Now that you have a little background on adventure racing, lets talk training. One thing I love about this type of racing is, like a triathlon, you have multiple disciplines to keep you busy, and you can mix it up. Most adventure racers focus on mountain biking because this is what you do for the majority of your race. I recommend a basic routine of running two days a week, mountain biking two days a week (preferably on single track trails), and lifting two days a week. One thing you learn on these races: you can do so much more than you think you can. Getting over that mental barrier in a race is difficult at times, but if you train the same way, it prepares you.
Running: Train the way you will be running in the race, right? I promise there are no sections where you’ll run for 8-10 miles straight. First, it makes completing the longer races extremely difficult unless you are exceptionally good (my team is not one of those teams). Secondly, the races aren’t set up like that. You frequently stop to mark checkpoints, check the map and navigation, and refill your water supply. If you are like one of my teammates, a frequent bathroom break may be needed, but that’s getting a little off topic.
Given that you can expect to be stopping frequently, I recommend you use interval training for your run workouts. Run for anywhere from ¼-2 miles, walk or rest, then repeat the run for as many reps as you can handle. This training keeps it fun and is great for cardiovascular health. Studies show that using interval training to fluctuate heart rate increases VO2 max more effectively than moderate level, long distance training.
Biking: Drive out to the middle of the woods, climb on your bike (with a helmet, of course; safety first!), and coast through the wilderness. For the local readers, my favorite locations are New Harmony State Park, Scales Lake Park, and Ben Hawes Park. Similar to running, you don’t necessarily need a detailed plan when going out to ride. Pump hard up a hill, coast down hills, ride wherever the trails take you for as long as you can, but most importantly, enjoy being out exploring new trails and the beautiful scenery. If you haven’t tried mountain biking before, I highly recommend it.
Lifting: Lifting is the aspect of training I believe most endurance athletes forget about or ignore. Did you know long distance runners are the most likely athletes to sustain an injury during training? Having a good balance of strength throughout the body is important to decrease your risk of injury while logging so many miles. Of utmost importance are your stabilizing muscles.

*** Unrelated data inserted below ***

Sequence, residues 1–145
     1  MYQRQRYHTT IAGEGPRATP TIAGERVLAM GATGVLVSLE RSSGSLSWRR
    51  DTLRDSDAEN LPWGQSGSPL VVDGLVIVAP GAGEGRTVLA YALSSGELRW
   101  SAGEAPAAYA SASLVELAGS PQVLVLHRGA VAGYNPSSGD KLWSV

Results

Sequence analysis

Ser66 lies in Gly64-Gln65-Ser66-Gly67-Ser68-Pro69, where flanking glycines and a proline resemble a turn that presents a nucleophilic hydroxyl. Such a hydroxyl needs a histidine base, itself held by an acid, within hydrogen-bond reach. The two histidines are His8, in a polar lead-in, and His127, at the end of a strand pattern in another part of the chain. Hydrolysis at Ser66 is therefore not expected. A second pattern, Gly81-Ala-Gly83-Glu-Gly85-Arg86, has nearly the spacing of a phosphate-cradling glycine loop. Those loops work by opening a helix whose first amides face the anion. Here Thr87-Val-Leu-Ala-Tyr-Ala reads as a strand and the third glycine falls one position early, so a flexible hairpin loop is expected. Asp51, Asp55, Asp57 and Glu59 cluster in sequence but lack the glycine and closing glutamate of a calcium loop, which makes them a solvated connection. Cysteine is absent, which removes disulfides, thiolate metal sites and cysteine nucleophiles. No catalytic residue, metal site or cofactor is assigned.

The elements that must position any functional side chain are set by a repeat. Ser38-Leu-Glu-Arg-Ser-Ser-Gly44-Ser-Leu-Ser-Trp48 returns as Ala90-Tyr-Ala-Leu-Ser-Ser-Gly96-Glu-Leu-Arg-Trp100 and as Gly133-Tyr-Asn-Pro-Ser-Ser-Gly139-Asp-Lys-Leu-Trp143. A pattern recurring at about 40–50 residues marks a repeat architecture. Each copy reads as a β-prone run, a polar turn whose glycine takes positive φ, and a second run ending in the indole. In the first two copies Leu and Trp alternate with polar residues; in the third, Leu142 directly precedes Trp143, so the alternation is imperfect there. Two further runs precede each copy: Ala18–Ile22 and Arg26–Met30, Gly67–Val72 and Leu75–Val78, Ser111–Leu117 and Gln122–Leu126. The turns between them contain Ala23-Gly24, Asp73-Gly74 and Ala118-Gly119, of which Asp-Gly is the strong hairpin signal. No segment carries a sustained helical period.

Focus a lot of strength training around hip and core control, functional movement patterns, and single leg balance. How long can you stand on one leg? You should be able to hold for 30 seconds without significant difficulty; give it a shot! Think about running, a series of controlled single leg stances, right?! If you can’t statically stabilize your hips, pelvis, and spine, imagine what kind of wonky compensations your body is doing while running.
In addition to reducing injury risk, strength training can prepare you well for another mode of transportation in adventure races: canoeing. If you’re like me and don’t have easy access for canoe training, lifting can help you develop the required upper body and back strength.
The best part of adventure race training is that the variety keeps it interesting. From a health standpoint, I like to encourage people to start off with light activity 4-5 days a week. It doesn’t have to be a lot, and may even be simply going for a walk or hike. Whatever your starting point is doesn’t matter; just don’t be afraid to make that change in your life! Be on the look out for part 3 to see how my team faired in the race on June 8th!